Sinful Surrender
Beverley Kendall
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Buy *Sinful Surrender (The Elusive Lords, Book 1)* by Beverley Kendall online

Sinful Surrender (The Elusive Lords, Book 1)
Beverley Kendall
352 pages
January 2010
rated 3 of 5 possible stars

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Sinful Surrender is one of those variable books which the reader fears they won't be able to finish, when suddenly it picks up and improves. By halfway through, I was a bit fed up with Missy (Millicent) Armstrong and her supposedly all-consuming love for her brother's best friend, James Rutherford. She apparently fell in love with James when she first saw him as a young girl and vows to marry him, despite his reputation as a rake and apparent lack of interest in her. But James does find Missy interesting; it's his friendship with her brother that makes her out-of-bounds. He also knows what she wants out of marriage and what he wants are rather different.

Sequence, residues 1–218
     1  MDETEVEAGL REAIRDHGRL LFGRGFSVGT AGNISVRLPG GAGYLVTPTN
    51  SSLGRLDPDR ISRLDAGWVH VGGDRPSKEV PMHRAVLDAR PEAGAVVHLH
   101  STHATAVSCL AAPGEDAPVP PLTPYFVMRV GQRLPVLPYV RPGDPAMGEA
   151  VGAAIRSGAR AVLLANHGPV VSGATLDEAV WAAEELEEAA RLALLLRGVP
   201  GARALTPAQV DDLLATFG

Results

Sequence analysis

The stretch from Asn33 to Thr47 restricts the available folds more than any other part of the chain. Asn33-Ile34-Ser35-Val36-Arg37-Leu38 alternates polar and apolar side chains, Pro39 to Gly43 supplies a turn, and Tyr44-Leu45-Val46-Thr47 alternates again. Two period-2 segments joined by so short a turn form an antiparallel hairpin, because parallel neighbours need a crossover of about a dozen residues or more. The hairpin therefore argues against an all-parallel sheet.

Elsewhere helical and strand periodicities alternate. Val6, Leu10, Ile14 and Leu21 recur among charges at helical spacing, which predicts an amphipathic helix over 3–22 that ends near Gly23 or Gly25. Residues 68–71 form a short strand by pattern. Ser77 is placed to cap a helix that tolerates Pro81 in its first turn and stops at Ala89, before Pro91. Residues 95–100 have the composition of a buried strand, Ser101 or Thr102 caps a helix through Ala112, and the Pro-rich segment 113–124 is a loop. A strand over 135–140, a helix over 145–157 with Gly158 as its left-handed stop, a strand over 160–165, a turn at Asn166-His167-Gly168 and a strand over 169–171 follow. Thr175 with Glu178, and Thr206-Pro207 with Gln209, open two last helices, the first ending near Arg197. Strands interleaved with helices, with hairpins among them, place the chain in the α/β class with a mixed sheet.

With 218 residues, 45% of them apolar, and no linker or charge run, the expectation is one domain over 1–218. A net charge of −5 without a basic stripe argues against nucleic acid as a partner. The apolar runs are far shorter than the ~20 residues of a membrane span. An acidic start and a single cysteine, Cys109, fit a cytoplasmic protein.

The book struggles to find its way up till the mid point. Many of the scenes between James and Missy are repetitive, and when James finds himself engaged to another woman who is pregnant with his child, well... at that point I felt like giving up.

However, I persevered, and the story improved. Beverley Kendall doesn't string out 'big misunderstandings' as much as some authors tend to, so events move at a reasonable pace. Of course, things aren't plain sailing for hero or heroine, and our heroine's choices sometimes (well, quite frequently) seem a bit suspect. I wasn't entirely convinced by some changes of heart by various characters and remain unconvinced that our hero is entirely reformed, but I certainly enjoyed the second part of the book much more than the first and felt that Missy had grown up a bit - well, some of the time, anyway.

The author focuses quite strongly on Missy and James, although we glimpse other characters who look likely to have their own books in due course. Although we are privy to both James's and Missy's thoughts, the characterization isn't entirely convincing. They also occasionally lapse into Americanisms - which, for the English aristocracy, is a bit peculiar! I was left with an impression of beautiful but somewhat selfish people; some of the side characters, such as Missy's brother, might be more interesting to read about in future.

Originally published on Curled Up With A Good Book at Helen Hancox, 2011

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